While there was little of the race remaining, I had to opt out of the next and final obstacle which was electroshock therapy because I could BARELY walk. Luckily, my foot, though swollen and badly hurt was not broken.
Things I learned:
-What I got absolutely right again was the shoes I recommend people wear and the clothing people wear for these things. They have not failed me yet and I felt very protected.
-Even if you do an event in the same location, do NOT expect the map to be exactly the same, they WILL flip it around, change the obstacle list and adjust/remove certain aspects of it.
-I would exercise a TON of caution on the Stage 5 Clinger. I was extremely unlucky to fall in the way I did, but learning to climb monkey bars better would have prevented that. Please be careful with this one, these challenges sometimes have us think less, act faster and that puts us at bigger risk.
-I consider myself a high level athlete, but accidents can totally happen and looking back at my accident, I can’t believe how lucky I was to fall so badly and come out with a major sprain, not break.
-While I enjoy Tough Mudder more than the Spartan Race, this New Jersey location is one I will not be doing again, because at this point, I feel like I’ve done all I can with this event, at that location. The next one has to be different and more difficult.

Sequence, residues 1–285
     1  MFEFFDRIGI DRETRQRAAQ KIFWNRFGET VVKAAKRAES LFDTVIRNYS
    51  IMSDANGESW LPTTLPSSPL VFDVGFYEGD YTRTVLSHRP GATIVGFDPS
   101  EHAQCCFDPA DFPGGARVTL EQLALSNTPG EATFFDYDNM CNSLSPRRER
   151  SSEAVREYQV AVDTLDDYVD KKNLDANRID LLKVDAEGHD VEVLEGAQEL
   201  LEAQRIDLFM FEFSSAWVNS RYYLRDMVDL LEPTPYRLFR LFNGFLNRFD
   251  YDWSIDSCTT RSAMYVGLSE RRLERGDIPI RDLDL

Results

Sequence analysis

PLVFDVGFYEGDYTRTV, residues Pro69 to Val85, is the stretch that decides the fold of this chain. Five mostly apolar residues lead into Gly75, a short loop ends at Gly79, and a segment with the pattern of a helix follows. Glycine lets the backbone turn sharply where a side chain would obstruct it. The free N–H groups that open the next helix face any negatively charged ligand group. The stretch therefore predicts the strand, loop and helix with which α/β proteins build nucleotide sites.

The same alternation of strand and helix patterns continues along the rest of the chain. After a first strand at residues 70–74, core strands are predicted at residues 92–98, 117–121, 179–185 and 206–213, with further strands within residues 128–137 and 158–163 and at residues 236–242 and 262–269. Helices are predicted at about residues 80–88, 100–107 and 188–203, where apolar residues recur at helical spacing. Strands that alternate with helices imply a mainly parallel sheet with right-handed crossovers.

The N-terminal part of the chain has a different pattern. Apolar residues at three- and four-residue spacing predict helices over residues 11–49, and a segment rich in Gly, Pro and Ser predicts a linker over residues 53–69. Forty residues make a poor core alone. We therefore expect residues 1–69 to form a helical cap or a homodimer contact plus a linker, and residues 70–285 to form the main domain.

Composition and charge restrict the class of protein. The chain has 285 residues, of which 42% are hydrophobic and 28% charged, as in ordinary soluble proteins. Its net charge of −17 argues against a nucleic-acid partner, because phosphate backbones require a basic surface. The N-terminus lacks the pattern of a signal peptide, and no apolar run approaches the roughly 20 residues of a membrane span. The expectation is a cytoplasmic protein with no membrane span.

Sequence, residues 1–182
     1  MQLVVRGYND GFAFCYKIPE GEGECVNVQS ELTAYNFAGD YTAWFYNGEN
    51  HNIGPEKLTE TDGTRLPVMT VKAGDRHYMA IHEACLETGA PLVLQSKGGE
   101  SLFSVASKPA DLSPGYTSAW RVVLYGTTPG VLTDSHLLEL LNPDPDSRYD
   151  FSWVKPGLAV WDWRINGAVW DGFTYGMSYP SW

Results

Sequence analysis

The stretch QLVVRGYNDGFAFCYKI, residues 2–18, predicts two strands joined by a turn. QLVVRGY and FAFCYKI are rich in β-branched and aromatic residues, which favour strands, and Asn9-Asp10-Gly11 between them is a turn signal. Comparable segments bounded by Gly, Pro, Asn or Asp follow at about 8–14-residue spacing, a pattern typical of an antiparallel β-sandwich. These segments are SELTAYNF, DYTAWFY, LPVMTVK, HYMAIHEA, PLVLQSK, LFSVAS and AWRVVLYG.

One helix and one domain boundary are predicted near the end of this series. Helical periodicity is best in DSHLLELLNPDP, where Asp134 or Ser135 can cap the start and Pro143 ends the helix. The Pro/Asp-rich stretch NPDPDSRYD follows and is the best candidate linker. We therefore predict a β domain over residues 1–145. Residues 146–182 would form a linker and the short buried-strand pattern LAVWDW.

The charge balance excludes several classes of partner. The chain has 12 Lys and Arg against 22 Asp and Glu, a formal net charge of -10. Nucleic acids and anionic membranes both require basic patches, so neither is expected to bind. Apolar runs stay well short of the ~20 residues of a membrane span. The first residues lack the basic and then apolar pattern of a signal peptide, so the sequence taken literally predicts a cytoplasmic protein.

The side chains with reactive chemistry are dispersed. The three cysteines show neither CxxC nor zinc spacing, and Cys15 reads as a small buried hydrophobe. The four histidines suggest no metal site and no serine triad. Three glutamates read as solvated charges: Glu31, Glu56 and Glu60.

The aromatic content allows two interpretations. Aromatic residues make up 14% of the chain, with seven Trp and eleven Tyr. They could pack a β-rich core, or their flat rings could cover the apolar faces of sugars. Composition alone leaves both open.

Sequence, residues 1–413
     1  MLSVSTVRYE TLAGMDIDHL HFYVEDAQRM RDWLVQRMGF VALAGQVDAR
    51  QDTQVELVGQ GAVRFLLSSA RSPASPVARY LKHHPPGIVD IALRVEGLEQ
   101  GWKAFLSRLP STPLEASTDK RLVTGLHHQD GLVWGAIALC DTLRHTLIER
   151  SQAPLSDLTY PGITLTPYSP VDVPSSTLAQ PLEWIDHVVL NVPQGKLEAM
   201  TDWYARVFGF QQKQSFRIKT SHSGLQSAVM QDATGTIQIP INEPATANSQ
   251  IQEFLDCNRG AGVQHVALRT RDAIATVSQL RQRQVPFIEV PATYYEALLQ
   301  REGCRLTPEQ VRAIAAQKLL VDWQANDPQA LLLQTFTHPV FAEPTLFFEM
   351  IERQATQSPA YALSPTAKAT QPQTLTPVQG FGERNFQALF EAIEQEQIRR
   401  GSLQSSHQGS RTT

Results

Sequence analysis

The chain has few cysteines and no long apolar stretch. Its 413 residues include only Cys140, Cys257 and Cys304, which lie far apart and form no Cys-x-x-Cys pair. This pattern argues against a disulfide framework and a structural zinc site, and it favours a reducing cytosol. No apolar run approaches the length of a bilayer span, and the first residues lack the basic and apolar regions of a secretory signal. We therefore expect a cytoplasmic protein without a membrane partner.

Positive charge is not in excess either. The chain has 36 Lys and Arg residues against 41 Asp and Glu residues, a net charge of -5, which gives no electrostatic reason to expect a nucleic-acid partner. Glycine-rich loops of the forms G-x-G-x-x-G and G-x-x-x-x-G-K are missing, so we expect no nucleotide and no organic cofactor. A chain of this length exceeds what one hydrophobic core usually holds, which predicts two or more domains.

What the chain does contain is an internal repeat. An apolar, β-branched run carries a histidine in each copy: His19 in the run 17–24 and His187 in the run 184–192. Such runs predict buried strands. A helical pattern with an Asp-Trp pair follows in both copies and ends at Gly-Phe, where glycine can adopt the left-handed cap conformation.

– Stretch out at multiple times throughout the race (especially your quads). I didn’t do this last time and had tremendous aches the next day. Because I did not make this mistake on this race, I woke without a single pain in the body, aside from my foot…
– Do not expect professional help from the staff. If you need a bandage, anti bacterial cream, you will not get it on any of the obstacles/water stations. All these people do there is simply call in help to get a truck to carry you to the medical tent that does have it. In short, the staff, if you need help, are pretty useless, so carry your own safety supplies for mud runs when you’re there.
I find this to be extremely ridiculous, risky and lazy on the part of the Tough Mudder organizers, yet easily correctable. So fix this Tough Mudder people.